**Preamble:** I have a problem and I’ve got a very simple solution that I’m using. However, I was wondering, for the sake of learning, if any Excel Guru’s out there had an alternate solution to my problem.

I have an excel table with a column that contains about 4500 U.S. and Canadian cities.

Here’s a sample of the way the data in the column is formatted:

- Toronto, ON
- Jacksonville, FL
- VANCOUVER, BC

On another sheet in the workbook, I randomly select a City.

So I’m using the following function:

```
=INDEX(DATA!$E$2:$E$4576,RANDBETWEEN(1,4574),1)
```

This function produces a random selection from the 4500 cities; the problem is that I want to populate *two cells*, one that has the City and one that has the Province/State.

Typically, extracting the City/Province from a cell formatted ‘City, Province’ is pretty straight forward.

I’d do something like this:

**For the State or Province:**

```
=RIGHT(A1,2)
```

**For the City:**

```
=LEFT(A1,LEN(A1)-4)
```

My problem lies in the random selection of the city/state.

**I can’t select the city using:**

```
=LEFT(INDEX(DATA!$E$2:$E$4576,RANDBETWEEN(1,4574),1),LEN(INDEX(DATA!$E$2:$E$4576,RANDBETWEEN(1,4574),1))-4)
```

Because when I’m calculating the LEN function, it randomly selects another city and uses that length for the calculation. So depending on the combination of random city selections in the one function, some will be short, some will be long (and some will be accurate).

An extension of the same problem is when I do the RIGHT string function to get the state, that’ll be from another randomly selected value, so it won’t (necessarily) match the city.

The simplest thing I could think of, and it’s what I’ve done, is to make the random selection in one cell, then perform the RIGHT and LEFT functions on that cell.

**Like this:**

```
//populate cell A1 randomly
A1=INDEX(DATA!$E$2:$E$4576,RANDBETWEEN(1,4574),1)
//pull the province/state form A1
B1=RIGHT(A1,2)
//pull the city name from cell A1
C1=LEFT(A1,LEN(A1)-4)
```

I’m just curios if there’s another way of doing the LEFT/LEN function on the RANDOM selection without having to play off of another cell. I’d like to avoid VBA if possible. It’s possible there isn’t a solution, but I’m hoping someone who knows more than I do will have some ideas!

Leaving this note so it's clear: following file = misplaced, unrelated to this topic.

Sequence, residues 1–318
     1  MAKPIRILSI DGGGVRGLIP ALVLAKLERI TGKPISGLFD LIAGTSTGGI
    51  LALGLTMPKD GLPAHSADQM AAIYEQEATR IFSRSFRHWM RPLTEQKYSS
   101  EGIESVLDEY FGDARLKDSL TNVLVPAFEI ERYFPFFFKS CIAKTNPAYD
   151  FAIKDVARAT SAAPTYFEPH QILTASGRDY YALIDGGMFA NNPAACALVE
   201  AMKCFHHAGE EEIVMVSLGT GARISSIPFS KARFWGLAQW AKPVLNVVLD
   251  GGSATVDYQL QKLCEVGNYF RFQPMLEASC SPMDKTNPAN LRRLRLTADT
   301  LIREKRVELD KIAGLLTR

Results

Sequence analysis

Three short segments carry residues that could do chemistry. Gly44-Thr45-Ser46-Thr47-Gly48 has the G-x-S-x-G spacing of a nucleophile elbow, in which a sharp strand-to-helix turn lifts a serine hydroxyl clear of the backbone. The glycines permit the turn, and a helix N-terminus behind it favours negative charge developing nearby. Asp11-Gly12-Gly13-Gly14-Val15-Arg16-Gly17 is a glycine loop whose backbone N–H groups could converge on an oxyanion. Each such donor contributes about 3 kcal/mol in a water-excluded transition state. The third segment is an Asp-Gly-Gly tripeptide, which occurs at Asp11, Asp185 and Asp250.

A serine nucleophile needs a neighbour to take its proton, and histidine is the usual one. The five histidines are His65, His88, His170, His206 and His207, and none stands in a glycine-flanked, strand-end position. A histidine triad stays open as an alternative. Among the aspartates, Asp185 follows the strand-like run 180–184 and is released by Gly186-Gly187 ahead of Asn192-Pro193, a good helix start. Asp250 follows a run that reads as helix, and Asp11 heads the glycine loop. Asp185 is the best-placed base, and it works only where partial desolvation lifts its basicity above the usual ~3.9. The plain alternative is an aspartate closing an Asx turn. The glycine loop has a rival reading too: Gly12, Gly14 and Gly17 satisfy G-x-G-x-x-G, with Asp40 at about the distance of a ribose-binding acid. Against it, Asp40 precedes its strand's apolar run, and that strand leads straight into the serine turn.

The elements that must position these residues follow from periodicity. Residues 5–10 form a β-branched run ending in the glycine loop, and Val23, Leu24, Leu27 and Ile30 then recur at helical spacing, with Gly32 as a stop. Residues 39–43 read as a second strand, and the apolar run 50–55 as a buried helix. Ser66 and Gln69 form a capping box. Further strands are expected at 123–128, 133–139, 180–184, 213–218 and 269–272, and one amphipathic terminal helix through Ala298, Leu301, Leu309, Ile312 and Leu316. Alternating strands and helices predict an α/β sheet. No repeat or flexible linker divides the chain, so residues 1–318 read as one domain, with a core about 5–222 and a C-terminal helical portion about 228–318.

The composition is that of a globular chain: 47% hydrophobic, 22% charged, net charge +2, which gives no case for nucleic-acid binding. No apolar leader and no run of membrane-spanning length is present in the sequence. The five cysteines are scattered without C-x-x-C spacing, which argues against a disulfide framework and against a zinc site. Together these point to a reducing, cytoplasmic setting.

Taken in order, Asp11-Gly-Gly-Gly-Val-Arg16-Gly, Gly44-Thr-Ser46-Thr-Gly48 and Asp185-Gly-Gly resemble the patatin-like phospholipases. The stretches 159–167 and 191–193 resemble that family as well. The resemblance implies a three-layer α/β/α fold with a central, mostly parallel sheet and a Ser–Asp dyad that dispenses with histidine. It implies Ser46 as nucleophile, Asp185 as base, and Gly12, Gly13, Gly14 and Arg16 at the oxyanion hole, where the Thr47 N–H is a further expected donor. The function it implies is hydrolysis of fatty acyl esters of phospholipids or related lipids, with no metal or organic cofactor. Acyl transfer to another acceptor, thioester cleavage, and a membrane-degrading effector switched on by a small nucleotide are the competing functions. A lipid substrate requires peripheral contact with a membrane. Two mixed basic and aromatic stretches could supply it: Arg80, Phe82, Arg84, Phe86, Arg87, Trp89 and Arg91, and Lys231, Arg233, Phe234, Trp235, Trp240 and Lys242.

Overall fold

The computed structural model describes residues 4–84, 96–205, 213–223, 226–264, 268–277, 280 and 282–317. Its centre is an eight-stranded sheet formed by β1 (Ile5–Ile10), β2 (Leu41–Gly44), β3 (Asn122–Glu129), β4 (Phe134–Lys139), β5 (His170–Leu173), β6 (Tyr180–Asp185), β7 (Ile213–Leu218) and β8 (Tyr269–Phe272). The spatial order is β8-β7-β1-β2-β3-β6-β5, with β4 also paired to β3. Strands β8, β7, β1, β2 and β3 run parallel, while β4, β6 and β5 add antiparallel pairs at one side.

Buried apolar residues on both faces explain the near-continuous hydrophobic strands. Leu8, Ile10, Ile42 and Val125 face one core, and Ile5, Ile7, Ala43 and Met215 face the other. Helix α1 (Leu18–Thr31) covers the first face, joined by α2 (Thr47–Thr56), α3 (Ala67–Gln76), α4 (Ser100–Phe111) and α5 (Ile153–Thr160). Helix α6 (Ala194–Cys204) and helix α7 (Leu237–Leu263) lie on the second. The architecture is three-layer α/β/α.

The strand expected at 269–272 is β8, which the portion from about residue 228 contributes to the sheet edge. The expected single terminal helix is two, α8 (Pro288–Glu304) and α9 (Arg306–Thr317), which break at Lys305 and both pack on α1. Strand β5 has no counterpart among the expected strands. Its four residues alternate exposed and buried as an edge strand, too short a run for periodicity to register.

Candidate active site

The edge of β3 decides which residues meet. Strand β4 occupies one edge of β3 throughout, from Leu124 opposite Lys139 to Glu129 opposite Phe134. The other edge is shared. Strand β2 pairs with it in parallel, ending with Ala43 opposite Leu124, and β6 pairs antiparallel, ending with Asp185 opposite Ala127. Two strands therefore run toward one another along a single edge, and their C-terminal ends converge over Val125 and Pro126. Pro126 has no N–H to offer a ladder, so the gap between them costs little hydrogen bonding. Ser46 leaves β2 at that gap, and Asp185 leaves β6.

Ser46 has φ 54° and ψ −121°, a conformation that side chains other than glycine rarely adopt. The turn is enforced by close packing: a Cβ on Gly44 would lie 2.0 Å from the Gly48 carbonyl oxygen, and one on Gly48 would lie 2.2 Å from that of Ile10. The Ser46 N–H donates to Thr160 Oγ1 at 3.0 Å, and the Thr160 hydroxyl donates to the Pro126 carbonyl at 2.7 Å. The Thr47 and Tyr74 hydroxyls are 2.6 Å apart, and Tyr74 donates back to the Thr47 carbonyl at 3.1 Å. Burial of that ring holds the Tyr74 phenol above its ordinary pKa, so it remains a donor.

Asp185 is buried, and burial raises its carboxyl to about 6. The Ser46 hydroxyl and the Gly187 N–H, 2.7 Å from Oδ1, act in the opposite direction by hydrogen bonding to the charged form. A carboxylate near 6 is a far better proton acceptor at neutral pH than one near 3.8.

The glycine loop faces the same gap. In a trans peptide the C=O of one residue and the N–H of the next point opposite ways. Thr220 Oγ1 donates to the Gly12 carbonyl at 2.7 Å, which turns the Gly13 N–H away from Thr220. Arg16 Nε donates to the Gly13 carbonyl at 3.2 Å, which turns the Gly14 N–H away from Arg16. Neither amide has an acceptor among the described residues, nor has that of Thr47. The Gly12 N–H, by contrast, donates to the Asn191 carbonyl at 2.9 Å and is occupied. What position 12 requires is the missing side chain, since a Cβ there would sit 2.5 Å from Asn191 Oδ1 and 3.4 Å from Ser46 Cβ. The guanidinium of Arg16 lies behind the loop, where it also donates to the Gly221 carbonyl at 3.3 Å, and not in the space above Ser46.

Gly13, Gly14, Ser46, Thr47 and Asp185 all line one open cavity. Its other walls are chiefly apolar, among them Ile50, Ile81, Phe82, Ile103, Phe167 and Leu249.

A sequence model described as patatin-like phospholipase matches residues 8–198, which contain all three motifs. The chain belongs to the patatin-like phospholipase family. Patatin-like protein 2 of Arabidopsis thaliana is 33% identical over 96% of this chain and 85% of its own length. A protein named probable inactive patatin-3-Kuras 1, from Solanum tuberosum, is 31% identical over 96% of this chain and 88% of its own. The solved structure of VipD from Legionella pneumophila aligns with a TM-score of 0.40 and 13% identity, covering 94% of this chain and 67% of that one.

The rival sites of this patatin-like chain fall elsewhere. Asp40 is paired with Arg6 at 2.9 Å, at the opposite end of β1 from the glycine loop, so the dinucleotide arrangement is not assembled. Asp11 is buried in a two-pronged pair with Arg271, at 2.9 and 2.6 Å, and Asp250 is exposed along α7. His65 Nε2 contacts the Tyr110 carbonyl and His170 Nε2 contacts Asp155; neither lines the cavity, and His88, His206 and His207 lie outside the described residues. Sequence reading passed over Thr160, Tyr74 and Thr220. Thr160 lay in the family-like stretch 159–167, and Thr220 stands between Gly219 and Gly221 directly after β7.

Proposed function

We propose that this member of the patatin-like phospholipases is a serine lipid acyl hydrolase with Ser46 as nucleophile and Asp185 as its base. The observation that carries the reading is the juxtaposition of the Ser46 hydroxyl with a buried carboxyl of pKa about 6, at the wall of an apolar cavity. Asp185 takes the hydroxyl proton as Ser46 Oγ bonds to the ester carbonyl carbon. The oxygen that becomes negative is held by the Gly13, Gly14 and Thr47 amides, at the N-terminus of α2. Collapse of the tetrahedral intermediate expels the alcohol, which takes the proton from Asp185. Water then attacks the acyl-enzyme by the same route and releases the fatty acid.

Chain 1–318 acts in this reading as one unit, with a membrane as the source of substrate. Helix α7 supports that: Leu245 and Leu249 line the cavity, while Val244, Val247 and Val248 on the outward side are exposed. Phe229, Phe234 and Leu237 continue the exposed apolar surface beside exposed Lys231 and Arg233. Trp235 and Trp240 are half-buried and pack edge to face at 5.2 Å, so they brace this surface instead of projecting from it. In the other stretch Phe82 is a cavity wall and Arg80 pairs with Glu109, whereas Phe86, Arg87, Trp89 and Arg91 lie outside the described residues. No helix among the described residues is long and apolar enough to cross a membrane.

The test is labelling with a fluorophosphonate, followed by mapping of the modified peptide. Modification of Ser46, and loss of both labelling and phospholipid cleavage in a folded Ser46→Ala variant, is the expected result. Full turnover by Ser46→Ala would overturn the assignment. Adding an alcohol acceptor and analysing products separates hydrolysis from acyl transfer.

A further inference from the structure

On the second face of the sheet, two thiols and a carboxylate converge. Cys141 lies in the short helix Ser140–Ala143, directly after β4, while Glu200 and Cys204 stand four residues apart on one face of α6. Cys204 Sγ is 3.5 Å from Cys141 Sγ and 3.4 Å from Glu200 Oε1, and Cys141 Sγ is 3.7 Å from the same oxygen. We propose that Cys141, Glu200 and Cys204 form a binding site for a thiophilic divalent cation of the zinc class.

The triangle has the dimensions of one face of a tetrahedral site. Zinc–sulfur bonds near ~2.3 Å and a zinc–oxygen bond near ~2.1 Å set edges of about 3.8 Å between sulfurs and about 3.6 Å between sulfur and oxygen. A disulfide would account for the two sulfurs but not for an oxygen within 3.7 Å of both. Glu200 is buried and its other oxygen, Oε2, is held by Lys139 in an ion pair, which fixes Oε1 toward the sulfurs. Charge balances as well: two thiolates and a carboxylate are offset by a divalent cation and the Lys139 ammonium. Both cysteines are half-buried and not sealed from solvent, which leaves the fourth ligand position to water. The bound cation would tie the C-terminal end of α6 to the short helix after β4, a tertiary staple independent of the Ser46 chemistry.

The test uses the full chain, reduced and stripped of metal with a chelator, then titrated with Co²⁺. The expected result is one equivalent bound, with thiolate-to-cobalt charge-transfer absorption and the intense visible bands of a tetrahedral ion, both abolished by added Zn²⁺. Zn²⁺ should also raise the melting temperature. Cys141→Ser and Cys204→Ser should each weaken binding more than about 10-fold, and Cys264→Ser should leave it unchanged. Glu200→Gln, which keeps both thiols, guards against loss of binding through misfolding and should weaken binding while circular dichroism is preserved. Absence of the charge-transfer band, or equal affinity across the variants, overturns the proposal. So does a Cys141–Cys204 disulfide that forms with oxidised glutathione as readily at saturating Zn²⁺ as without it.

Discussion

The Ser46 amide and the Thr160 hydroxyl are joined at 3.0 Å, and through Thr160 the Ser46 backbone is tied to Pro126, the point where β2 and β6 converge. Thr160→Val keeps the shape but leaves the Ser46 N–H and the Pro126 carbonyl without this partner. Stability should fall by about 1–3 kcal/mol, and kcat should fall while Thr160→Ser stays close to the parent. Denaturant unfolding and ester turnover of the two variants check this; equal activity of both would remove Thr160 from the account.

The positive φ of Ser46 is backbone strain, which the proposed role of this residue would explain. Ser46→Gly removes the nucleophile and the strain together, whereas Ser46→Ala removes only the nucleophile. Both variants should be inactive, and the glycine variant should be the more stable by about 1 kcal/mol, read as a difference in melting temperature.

Try this formula to get a random city without the province

`=TRIM(LEFT(SUBSTITUTE(INDEX(DATA!$E$2:$E$4576,RANDBETWEEN(1,4575)),",",REPT(" ",99)),99))`

Note: you have 4575 rows of data so you need the RANDBETWEEN to go up to 4575 otherwise you aren’t considering the last row

That formula replaces the comma with 99 spaces then takes the first 99 characters and trims off the spaces – that is one way to get the City only without having to use RANDBETWEEN again.

Now assuming your cities are all different you can use VLOOKUP to lookup that City with a wildcard and get the province, e.g. with the above formula in A2 use this formula in B2

`=RIGHT(VLOOKUP(A2&",*",DATA!$E$2:$E$4576,1,0),2)`

If cities might have duplicates then you can use this “array formula” in B2 instead

`=RIGHT(INDEX(DATA!$E:$E,SMALL(IF(LEFT(DATA!$E$2:$E$4576,LEN(A2)+1)=A2&",",ROW(DATA!$E$2:$E$4576)),RANDBETWEEN(1,COUNTIF(DATA!$E$2:$E$4576,A2&",*")))),2)`

confirmed with CTRL+SHIFT+ENTER `CTRL`+`SHIFT`+`ENTER`

You can’t guarantee that the province returned by the second formula was the same as the one from the cell chosen in the first formula (unless the city has no duplicate) but that won’t matter. If there are duplicate cities it will pick one of the provinces at random

### Answer：

It is not possible, because the formula RANDBETWEEN () is calculated independently in each cell.

Thus, to get the same random value, proceed as already doing.

Tags: dom, excelexcel, function, random